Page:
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Swearing In the Workplace

Published: Friday 19th July 2019

While researchers have found that people who use profanity tend to have a higher IQ than those who don’t, that doesn’t mean you should be practicing your swear word vocabulary ahead of your job search. Nevertheless, it is common for workers to use swearing as a coping mechanism or to let off steam with a tirade of swear words. Indeed, for some industries, it’s part and parcel of the culture. Blue-collar industries such as transport, factory work, construction, and mining have always tolerated high levels of swearing. This certainly wouldn’t be the case in the likes of schools, hospitals or customer-facing roles for obvious reasons.

However, there have been cases of employees undergoing disciplinaries or even being fired for swearing. Obviously, in an interview situation, if you’ve dressed smart for the occasion, you should talk smart too in order to demonstrate your communication skills. It goes without saying that cursing at an interview can leave a very negative impression of a candidate.

Businessman angry, shouting and swearing with black background

When swear words become bad words

We’ve all heard swear words in the workplace at one time or another, mostly, as part of the innocuous conversations. But, when cursing is part of a verbal, or physical attack, on another employee, then it’s not okay. Initiating foul language when talking to a manager could also be subject to disciplinary action, depending on company policy, especially if it’s as the result of a disagreement or dispute. Likewise, if a manager swears regularly at an employee, this could be construed as bullying or an attempt at constructive dismissal. It’s when swearing is directed towards someone, instead of being used in general conversation, where problems start and legal issues begin.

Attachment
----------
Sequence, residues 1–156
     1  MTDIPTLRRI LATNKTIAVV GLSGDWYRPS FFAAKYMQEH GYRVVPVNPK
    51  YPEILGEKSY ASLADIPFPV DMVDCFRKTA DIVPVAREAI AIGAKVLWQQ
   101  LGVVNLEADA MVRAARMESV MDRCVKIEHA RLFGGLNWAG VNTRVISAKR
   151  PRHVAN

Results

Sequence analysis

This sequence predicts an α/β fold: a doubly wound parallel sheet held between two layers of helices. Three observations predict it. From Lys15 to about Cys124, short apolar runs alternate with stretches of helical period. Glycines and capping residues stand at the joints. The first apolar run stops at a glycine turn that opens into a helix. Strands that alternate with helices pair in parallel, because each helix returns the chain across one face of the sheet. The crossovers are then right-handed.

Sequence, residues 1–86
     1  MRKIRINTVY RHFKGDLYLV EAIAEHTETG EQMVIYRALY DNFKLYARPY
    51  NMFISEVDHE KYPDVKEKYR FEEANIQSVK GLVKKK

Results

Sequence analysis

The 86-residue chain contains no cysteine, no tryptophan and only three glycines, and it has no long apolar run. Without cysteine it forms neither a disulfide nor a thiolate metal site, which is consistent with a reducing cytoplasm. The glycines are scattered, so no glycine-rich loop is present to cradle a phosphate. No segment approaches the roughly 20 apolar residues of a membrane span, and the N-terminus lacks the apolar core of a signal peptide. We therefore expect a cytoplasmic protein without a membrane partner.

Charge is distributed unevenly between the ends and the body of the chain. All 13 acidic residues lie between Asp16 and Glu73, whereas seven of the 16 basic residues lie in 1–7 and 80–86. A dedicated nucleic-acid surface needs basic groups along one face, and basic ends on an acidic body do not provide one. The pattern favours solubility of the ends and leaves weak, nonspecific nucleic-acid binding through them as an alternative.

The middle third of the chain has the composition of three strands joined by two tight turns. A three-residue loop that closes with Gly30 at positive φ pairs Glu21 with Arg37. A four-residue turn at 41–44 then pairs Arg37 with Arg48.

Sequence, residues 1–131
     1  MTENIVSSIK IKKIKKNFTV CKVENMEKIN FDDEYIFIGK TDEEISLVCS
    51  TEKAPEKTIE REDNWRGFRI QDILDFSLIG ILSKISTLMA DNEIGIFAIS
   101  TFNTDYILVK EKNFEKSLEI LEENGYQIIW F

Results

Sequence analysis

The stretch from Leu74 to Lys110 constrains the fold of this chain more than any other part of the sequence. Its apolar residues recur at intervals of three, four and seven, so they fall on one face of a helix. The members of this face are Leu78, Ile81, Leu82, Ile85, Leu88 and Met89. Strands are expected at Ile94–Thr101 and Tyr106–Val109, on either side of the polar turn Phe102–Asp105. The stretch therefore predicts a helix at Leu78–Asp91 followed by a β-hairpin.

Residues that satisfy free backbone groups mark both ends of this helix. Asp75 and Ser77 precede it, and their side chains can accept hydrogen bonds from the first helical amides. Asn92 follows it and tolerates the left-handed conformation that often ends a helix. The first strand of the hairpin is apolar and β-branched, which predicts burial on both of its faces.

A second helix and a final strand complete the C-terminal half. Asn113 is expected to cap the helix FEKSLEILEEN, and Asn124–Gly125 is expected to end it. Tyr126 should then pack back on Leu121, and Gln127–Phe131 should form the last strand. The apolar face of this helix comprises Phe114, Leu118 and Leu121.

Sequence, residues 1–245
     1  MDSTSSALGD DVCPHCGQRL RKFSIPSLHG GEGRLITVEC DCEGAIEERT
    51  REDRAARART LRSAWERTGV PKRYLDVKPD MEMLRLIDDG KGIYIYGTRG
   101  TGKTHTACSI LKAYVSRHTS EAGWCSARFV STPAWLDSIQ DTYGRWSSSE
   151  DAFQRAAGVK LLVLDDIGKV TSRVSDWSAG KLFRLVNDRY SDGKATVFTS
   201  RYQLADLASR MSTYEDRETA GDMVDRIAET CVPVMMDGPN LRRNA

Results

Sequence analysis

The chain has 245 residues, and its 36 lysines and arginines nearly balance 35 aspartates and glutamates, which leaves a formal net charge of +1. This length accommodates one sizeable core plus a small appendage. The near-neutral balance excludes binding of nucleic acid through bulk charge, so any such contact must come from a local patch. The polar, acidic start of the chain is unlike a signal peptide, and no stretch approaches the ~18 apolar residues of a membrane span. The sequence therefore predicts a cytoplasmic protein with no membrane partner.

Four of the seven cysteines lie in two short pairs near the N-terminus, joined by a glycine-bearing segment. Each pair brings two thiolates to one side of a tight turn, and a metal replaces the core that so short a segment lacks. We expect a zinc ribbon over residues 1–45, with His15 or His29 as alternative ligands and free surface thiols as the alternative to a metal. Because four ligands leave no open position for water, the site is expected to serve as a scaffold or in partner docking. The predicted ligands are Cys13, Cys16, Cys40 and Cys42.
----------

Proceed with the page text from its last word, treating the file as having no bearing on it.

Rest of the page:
As a result of previous legal issues, some companies do have strict policies on bad language in the workplace, so, when starting a new job, it’s worth checking out if your new employer has something in place.

A woman-reception swears with the client of the hotel by phone.

 

Tips to help you stop cursing

If you feel your swearing has become too much of a personal mannerism, and want to do something about it, there are things that can help. One of the most effective ways is to imagine that a child is standing next to you. By doing this, most people find that they use inflections instead of profane adjectives for emphasis.

It helps to adopt a positive approach to everything you do at work too. This can lighten your mood when approaching a potentially stressful scenario and help you maintain your composure. Practice being patient. When you get frustrated about something, ask yourself ‘does this really matter in the bigger picture of things?

Some claim that swearing jars work, but it can be equally successful to reward yourself for not swearing. Try promising yourself a treat, such as a bar of chocolate, for it making it through a particularly rough day without uttering a single swear word. That way, you’re more likely to repeat the success.

Glass Jar on a white shelf in the workplace. Swear box Concept.

When profanity can be healthy

Swearing is a universal language, used since, humans first spoke, and has been shown to be healthy as a means of stress release. It can humanise a difficult situation, create empathy and foster stronger bonds between team members, but there are situations when it should be avoided at all costs, such as in job interviews, disputes at work, and, above all, when dealing with customers. As with so many things in life, it’s all about the scenario. If in doubt, it’s probably best not to do it!

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